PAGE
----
Hope and possibility, however, were unimaginable upon first hearing her family member’s diagnosis. Despite worrisome and progressive behavioral changes, she and her family never imagined what they would hear from clinicians.
“My experience, like so many families, was that there was nothing to prepare me for what happens emotionally or financially with a diagnosis like this,” said Cutrell. “It’s a pretty devastating thing—for both the individual who has the onset of this illness, as well as the family.”
Cutrell found there were few community resources available for families who were facing mental illness of a loved one for the first time. It was through McLean Hospital that she learned the latest research about schizophrenia and bipolar disorder.
“I went to a lecture about what was happening with mental illness research in the laboratory. The imagery of those cells in the lab was remarkable,” she said. “I was brought to tears, as it helped me understand this illness was systemic and that it wasn't something we caused. It was visual recognition of a real impact on life, and at the same time, a relief to see it.”
That lecture, hosted by NAMI Cambridge-Middlesex, was given by Bruce M. Cohen, MD, PhD, director of McLean’s Program for Neuropsychiatric Research, the founding director of the McLean Brain Imaging Center, and president and psychiatrist in chief emeritus of McLean Hospital from 1997 to 2005.
Cohen suggested that Cutrell become involved in NAMI. She welcomed the opportunity and served as president of NAMI Massachusetts for two years and also served on the organization’s national board of directors in Washington, DC.
Through advocacy work, Cutrell met hundreds of individuals and families and embarked upon her own mission to learn about their experiences with mental illness. She wanted to know more not only about their problems, but also about those who were in recovery and doing well.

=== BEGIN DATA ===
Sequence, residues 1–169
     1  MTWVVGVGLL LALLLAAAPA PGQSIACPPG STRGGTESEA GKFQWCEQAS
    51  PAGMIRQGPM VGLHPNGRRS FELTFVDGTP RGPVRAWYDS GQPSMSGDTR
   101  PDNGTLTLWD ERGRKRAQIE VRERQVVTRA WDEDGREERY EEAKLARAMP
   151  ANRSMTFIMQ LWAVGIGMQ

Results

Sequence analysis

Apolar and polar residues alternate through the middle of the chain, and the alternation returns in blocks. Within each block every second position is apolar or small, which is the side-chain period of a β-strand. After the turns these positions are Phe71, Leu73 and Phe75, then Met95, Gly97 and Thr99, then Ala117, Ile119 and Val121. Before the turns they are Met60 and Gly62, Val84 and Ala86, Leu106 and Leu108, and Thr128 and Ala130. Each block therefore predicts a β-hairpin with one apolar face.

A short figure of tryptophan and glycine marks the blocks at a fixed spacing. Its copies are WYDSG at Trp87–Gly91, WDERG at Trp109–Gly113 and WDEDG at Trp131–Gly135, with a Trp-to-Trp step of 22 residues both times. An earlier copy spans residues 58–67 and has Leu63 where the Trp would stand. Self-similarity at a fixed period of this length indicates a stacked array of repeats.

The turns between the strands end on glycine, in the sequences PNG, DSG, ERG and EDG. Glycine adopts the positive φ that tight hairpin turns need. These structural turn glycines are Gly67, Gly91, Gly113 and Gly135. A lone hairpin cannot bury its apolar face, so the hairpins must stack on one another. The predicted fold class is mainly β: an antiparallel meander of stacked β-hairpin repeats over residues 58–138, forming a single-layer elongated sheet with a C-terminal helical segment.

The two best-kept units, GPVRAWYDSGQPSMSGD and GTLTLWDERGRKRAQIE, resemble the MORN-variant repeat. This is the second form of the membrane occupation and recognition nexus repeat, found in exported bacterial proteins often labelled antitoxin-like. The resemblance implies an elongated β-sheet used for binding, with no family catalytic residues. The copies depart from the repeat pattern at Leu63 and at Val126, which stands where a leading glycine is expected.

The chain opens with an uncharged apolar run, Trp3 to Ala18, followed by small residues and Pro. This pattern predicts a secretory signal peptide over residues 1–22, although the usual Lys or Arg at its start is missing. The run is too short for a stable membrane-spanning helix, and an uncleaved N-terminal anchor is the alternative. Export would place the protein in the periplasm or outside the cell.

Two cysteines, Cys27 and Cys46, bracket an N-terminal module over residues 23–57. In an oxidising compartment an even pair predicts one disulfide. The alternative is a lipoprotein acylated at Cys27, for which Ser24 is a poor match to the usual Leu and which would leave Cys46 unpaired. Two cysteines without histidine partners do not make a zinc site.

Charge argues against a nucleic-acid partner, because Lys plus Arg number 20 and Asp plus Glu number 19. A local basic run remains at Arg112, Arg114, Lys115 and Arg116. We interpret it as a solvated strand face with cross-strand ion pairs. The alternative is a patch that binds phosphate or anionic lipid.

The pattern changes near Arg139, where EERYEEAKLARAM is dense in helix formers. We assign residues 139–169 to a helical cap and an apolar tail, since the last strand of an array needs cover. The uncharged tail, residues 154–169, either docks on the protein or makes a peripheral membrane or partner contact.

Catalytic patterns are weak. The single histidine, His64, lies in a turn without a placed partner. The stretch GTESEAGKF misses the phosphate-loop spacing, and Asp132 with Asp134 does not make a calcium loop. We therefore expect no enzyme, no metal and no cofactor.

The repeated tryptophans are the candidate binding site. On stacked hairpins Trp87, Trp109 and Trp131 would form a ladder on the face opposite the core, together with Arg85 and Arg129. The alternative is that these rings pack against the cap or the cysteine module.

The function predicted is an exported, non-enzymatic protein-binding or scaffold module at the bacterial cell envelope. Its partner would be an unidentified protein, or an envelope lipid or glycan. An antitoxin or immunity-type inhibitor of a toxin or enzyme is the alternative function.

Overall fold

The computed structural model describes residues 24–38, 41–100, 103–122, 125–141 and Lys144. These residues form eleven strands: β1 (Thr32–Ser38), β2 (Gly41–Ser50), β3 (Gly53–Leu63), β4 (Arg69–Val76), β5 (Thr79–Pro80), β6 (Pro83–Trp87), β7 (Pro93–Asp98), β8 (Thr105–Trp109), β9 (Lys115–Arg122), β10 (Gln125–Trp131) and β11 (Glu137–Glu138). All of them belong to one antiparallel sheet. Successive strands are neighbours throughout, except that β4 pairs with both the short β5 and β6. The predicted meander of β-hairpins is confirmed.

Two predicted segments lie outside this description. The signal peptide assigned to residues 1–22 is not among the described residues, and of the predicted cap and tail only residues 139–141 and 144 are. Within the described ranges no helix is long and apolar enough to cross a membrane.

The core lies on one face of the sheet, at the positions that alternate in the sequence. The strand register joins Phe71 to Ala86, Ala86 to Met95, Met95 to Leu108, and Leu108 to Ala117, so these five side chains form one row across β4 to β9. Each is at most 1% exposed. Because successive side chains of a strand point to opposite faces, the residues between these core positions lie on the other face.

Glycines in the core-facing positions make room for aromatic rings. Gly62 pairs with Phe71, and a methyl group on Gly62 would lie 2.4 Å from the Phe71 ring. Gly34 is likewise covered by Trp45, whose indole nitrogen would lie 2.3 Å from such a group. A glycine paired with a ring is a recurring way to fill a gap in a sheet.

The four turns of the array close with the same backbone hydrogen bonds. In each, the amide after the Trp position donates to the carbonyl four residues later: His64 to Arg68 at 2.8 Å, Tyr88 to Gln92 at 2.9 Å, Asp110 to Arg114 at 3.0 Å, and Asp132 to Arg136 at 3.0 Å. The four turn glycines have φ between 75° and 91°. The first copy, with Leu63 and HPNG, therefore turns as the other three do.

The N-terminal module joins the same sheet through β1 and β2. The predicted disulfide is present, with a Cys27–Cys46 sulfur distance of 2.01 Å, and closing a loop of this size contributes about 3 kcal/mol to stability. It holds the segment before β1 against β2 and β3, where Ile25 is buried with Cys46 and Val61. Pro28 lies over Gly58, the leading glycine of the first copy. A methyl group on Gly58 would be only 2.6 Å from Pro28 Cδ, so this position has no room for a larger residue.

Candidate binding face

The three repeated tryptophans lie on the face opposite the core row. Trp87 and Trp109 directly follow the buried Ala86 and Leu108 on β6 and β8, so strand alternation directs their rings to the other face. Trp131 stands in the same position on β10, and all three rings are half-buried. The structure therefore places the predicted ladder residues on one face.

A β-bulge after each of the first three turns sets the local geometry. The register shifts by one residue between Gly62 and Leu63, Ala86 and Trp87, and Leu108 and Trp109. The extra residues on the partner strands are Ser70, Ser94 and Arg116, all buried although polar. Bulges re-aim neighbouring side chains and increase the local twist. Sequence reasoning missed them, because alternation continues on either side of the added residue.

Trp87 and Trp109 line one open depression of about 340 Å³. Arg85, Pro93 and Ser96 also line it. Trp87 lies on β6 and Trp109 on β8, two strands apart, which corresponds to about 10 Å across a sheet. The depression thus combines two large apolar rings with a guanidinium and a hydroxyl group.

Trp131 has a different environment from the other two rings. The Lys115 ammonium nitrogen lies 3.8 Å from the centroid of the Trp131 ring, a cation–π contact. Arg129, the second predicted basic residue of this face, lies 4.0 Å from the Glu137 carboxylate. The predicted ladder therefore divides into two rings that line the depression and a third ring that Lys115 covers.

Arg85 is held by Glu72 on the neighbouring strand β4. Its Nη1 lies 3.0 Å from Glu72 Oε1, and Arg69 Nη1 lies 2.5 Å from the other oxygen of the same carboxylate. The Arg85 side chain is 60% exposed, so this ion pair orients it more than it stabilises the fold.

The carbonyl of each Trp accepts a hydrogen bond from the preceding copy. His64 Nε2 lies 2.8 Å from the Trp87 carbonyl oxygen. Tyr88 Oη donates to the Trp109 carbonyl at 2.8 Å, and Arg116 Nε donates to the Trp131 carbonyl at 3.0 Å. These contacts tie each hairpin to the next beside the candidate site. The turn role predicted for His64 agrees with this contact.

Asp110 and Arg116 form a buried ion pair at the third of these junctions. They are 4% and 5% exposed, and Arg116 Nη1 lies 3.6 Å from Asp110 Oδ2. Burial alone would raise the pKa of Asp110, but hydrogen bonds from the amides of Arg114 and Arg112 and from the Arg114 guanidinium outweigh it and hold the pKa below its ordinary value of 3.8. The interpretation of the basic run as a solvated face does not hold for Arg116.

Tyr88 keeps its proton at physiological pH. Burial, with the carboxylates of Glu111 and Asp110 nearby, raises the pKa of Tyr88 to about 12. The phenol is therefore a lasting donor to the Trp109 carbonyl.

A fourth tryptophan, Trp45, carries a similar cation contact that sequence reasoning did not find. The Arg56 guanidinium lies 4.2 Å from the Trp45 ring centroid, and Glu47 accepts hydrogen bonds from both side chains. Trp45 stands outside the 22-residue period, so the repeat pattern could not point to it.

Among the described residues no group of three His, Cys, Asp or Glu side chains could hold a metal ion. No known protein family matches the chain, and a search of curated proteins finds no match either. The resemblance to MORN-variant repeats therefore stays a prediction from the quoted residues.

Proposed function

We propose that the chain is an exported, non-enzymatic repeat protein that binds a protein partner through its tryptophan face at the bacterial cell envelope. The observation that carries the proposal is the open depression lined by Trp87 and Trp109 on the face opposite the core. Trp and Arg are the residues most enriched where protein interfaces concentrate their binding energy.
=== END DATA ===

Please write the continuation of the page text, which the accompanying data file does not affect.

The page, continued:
“I asked people about their experiences in their own recovery and what I found out is that it’s not the end of life as we know it—it’s the beginning of a different kind of life,” she said. “I met a young woman who got her master's degree from Harvard after her diagnosis. I began to meet many individuals who went on to get their master’s degree, and some who went on to get their PhDs and had become doctors.”
“I thought, ‘how come I never heard this was possible?’ What I was facing initially was that there was complete limitation of productivity, love, life in general. No one told me anything different, nothing hopeful. I began to try and figure out what was most important to recovery and what I learned is that it was love and family,” she said, “but sometimes families give up because the prognosis sounds so final. Many were telling me the diagnosis would mean some form of institutional living.”
“One of the greatest comforts to me,” said Cutrell, “was to find out that it’s family that will ultimately be one of the most important components of recovery. There’s medication and treatment, but family and close friends are what primarily support the individual—it’s their foundation and what sustains them.”
“I wanted to communicate to other families what I learned and I wanted to do it quickly,” said Cutrell, who had spent 25 years in investments and was an adjunct professor at Boston College teaching marketing in the MBA program. She had left her job around the same time her family member's illness was developing, went to art school, and learned a different way of communicating: visual art.
“What I realized,” she said, “is that imagery communicates instantly. And it can show people recovery and to not think of this diagnosis as the end.”